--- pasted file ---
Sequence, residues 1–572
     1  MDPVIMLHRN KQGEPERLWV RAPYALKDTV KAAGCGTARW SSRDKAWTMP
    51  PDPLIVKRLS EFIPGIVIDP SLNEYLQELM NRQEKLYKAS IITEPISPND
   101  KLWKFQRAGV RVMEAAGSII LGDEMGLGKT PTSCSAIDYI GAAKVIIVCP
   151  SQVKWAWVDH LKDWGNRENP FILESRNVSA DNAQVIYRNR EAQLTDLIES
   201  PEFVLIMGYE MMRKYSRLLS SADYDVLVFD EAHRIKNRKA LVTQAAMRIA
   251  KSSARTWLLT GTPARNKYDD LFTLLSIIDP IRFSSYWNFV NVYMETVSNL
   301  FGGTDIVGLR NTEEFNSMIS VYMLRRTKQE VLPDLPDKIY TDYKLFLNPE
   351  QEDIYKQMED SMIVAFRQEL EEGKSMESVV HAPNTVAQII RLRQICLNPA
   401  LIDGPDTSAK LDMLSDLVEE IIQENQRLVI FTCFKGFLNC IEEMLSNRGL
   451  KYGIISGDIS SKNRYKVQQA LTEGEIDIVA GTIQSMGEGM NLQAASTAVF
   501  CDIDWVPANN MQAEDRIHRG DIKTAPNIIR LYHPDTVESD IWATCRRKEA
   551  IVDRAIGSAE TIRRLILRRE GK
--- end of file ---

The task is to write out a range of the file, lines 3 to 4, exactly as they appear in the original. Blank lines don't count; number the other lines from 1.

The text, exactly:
    51  PDPLIVKRLS EFIPGIVIDP SLNEYLQELM NRQEKLYKAS IITEPISPND
   101  KLWKFQRAGV RVMEAAGSII LGDEMGLGKT PTSCSAIDYI GAAKVIIVCP